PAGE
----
Ransome married an unstable woman named Ivy, and had a daughter who fades out of the narrative after five brief mentions, her eventual fate left untold. In 1913 Ransome went to Russia to study folklore for a series of fairy-tales; this is when the autobiography gets really interesting, as he gets swept up in the events preceding the Revolution, partly because of his rudimentary self-taught Russian, partly because of his press pass, and partly due to ending up in the most dangerous places at dangerous times.
Told in the same lucid, measured prose as Swallows and Amazons, Ransome reports the tensions and moods of the Russian people and political parties as the Germans advance and morale among Russian soldiers and people crumbles. Ironically, he has no interest in politics; when asked to define his leanings by the British Foreign Office, he answers “fishing.” This, in his opinion, gives him a clarity of perspective on the injustices perpetuated by the Tsarist regime as well as the fanaticism of the Bolsheviks, Mensheviks, and other socialist parties. Ransome recounts the occasional atrocity on both sides, examines the motives behind the machinations of both secret police and undercover anarchist, and analyses the rhetoric of Lenin and Trotsky among others. Ransome ends up fleeing Petrograd with Trotsky’s secretary Evgenia, who becomes his wife. He also, according to his narrative, plays a great deal of chess with Red and White officers, drinks vast amounts of tea with ordinary people, and carried messages between “Esthonia” and what was to become the Soviet Union. The narrative is so detailed that it keeps the reader firmly in the present with him; the occasional glimpses of hindsight almost come as a shock, particularly when they deal with the fates of his friends (whose names vaguely echo down to me from high school history classes):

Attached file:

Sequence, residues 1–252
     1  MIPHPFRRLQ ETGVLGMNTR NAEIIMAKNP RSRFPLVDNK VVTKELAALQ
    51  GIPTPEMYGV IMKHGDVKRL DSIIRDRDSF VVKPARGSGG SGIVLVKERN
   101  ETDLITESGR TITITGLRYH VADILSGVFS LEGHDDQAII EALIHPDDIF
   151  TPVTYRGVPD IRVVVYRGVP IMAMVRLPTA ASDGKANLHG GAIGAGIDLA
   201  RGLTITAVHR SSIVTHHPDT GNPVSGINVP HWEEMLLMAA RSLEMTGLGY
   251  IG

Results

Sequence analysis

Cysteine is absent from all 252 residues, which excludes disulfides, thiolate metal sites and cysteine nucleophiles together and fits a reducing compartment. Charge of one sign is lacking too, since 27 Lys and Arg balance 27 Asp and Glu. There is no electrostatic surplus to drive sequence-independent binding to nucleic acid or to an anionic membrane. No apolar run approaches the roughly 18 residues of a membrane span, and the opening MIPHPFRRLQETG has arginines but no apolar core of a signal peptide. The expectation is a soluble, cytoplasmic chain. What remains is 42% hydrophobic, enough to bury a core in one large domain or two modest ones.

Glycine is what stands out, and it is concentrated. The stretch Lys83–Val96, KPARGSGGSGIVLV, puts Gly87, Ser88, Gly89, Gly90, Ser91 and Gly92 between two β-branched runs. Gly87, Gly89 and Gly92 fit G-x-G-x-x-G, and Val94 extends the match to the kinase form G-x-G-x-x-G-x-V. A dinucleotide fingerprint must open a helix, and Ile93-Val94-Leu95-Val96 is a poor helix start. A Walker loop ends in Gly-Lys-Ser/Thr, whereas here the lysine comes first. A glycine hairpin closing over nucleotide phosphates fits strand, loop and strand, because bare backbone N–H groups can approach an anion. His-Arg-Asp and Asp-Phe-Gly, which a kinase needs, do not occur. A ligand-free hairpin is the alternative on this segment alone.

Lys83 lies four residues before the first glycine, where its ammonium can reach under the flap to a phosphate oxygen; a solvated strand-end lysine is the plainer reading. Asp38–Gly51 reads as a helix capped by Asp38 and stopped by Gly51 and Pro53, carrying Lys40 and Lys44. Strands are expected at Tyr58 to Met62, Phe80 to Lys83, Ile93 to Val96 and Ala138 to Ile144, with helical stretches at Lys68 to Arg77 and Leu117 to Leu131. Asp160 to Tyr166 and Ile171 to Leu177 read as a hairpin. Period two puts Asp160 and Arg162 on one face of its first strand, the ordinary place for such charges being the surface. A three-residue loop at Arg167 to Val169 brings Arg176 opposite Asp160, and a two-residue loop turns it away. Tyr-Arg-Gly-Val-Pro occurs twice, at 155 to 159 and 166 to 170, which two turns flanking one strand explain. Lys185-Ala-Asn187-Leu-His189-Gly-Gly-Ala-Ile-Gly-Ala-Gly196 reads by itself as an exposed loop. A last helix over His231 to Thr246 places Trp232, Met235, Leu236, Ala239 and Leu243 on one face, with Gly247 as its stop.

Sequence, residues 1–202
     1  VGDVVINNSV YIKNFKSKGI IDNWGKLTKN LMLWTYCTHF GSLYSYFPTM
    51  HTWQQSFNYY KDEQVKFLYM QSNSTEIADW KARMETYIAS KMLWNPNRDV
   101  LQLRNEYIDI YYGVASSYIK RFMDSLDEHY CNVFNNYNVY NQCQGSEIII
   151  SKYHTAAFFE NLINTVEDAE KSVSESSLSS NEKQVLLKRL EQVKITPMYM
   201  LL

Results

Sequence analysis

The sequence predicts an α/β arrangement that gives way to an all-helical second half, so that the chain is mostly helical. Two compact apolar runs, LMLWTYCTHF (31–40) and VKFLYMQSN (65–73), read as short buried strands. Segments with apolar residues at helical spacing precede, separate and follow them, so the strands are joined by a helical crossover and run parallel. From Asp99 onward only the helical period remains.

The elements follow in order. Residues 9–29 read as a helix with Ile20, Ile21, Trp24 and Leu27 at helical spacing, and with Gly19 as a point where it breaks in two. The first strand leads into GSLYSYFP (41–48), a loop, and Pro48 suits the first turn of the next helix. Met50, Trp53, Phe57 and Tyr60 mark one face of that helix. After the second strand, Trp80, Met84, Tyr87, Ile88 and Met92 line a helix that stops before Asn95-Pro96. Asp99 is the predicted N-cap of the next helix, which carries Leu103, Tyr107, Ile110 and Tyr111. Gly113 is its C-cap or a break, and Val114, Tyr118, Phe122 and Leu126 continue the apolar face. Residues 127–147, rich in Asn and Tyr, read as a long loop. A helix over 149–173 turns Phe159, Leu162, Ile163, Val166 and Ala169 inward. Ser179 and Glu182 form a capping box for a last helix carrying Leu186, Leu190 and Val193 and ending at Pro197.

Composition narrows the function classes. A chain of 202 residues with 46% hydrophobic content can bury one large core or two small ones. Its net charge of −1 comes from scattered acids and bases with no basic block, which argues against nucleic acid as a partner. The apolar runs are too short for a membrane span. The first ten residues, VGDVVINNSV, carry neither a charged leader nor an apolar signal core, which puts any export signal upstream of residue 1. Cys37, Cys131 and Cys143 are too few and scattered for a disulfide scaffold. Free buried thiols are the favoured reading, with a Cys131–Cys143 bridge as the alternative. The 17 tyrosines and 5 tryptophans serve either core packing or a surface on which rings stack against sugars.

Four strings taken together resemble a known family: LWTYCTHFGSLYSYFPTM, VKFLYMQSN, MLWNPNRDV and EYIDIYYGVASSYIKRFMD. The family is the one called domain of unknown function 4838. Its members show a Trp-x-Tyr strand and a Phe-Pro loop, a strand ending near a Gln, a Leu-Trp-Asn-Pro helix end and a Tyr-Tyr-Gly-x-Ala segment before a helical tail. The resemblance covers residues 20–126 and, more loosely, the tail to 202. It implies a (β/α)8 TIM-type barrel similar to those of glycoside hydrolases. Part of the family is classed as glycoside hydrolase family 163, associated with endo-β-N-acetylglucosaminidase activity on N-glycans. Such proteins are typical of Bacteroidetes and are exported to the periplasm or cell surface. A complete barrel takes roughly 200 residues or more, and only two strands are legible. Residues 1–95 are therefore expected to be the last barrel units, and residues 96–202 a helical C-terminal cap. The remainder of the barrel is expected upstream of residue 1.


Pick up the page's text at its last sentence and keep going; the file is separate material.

The revolution eats its children, and almost all the revolutionary leaders of that time have since been removed by execution or other violent means. My friend Vorovsky was murdered in Switzerland. My friend Bukharin, the most interesting talker of them all, after Lenin, was shot in 1937. Rykov: shot; Krestinsky: shot; Zinoviev: shot; Kamenev: shot; Trotsky: murdered in Mexico. I do not know whether Radek is alive or dead. (I do not think he ever came back from banishment to Tobolsk.) (265)
This is a grim litany, enhanced by its dispassionate tone; bleak times lie ahead as Ransome notes the efforts of Stalinist propaganda to erase these men from history.
Yet Ransome does not solely deal with famine, secret diplomatic messages and harrowing travels through occupied territory where even with two sets of papers a mistake could cost a man’s life; he finds time for sailing in the Baltic Sea and the Gulf of Finland, and fishing on the Esthonian coast and Finnish archipelago. Later he travels in Egypt, (a section which drags a bit) and after that decides that journalism is no longer for him and decides to try and earn a full-time living with writing. Swallows and Amazons, a tale of a carefree summer, was the result.
I realise this book has a very niche sort of interest; I’d definitely recommend the book to lovers of Swallows and Amazons, and those who enjoy travellers’ tales, perhaps those who like reading personal accounts of historical events, but I’m not sure who else would find it as fascinating as I did.
Ransome, Arthur. The Autobiography of Arthur Ransome. Ed. Rupert Hart-Davies. London: Jonathan Cape, 1976.
Original blogpost at funkyfacecat.wordpress.com.